Why is it that some of these movements succeeded while others failed? The paper discusses recent movements and organisational changes among Thai farmers in the central plains. Not long ago they were small scale peasants on an expanding land frontier in an authoritarian Buddhist kingdom which after the 1932 revolution turned into military rule. However, after WWII state lead economic development and economic differentiation among the peasantry as well as dramatic political changes have created both economic and political opportunities to organise in various ways but with very different outcomes. The explanation seems to lie both in the kind of farmers recruited, the active agents of mobilization, the ideology and the issues fought, and the way the farmers interacted with the state and other actors at various points in time.<br/><br>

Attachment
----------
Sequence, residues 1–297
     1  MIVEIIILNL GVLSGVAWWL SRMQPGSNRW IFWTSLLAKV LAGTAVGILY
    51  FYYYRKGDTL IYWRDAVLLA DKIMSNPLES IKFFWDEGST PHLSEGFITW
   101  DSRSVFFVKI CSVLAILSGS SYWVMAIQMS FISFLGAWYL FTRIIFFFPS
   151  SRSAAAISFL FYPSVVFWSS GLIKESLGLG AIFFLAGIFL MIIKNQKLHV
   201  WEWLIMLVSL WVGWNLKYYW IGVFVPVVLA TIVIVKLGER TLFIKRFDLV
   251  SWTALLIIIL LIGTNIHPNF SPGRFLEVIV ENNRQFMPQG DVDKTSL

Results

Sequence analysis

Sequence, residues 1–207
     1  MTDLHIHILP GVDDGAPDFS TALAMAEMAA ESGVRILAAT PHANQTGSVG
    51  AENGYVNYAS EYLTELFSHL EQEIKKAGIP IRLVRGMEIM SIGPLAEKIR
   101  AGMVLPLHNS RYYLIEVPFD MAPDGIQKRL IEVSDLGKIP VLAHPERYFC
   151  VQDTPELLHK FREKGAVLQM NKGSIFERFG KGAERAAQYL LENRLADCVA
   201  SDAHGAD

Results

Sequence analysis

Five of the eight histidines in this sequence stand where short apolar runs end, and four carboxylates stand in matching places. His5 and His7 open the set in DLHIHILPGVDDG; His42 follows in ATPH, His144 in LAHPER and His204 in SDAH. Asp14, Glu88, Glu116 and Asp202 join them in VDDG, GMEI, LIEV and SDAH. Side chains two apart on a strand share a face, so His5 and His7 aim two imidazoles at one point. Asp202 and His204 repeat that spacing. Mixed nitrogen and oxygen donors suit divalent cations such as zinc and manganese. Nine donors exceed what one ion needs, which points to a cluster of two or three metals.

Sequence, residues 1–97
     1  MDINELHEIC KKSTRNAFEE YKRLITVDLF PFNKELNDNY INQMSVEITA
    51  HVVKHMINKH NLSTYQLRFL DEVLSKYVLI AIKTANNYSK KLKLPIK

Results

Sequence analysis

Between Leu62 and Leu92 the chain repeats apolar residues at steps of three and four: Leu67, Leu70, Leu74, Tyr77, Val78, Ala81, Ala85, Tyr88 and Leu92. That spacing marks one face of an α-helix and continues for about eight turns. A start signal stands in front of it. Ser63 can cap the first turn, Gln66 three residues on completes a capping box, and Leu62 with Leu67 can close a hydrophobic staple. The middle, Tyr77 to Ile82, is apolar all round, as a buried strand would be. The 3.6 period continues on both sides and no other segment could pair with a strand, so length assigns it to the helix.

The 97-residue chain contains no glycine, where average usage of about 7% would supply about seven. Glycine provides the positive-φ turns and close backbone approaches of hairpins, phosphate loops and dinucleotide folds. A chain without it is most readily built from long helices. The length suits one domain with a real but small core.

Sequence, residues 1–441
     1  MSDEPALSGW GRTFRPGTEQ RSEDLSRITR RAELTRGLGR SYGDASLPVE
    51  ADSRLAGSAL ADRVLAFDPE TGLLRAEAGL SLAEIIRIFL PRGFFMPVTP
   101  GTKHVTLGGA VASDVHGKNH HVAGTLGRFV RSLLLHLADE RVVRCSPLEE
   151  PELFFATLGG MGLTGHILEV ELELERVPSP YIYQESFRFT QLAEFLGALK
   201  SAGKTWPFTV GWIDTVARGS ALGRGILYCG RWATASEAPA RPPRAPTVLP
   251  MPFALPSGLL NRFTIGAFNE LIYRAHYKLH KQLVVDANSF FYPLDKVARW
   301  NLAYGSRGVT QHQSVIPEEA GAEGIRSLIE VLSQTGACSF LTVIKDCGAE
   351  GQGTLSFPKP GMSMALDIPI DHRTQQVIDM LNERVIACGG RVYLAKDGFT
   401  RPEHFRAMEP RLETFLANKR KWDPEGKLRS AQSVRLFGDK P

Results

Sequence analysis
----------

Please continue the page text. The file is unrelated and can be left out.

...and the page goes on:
Today there seems to be a certain space and potential for the formation of both general as well as crop- and issue- specific farmers associations which can bargain with the state and agro business for collective benefits. This is an indication that the Thai political process is not merely dominated by rent seeking government officials and businessmen turned politicians who buy the votes of the electorate and run the country in the interest of their companies. Indeed, farmers, like all others, are heavily involved in this type of ‘business politics’, but behind that simplified picture a more complex and perhaps more flexible state may be hidden, which as popular mobilisations unfold may emerge into the open.},
  author       = {Lindberg, Staffan},
  issn         = {0971-7927},
  keyword      = {Farmers movements,sugar cane,rubber,rice,sociology,political development,sociologi},
  language     = {eng},
  number       = {3},
  pages        = {525--539},
  publisher    = {The Indian Society of Labour Economics},
  series       = {The Indian Journal of Labour Economics},
  title        = {When will the Farmers Unite? The Long Road to Democracy in Rural Thailand},
  volume       = {47},
  year         = {2004},
}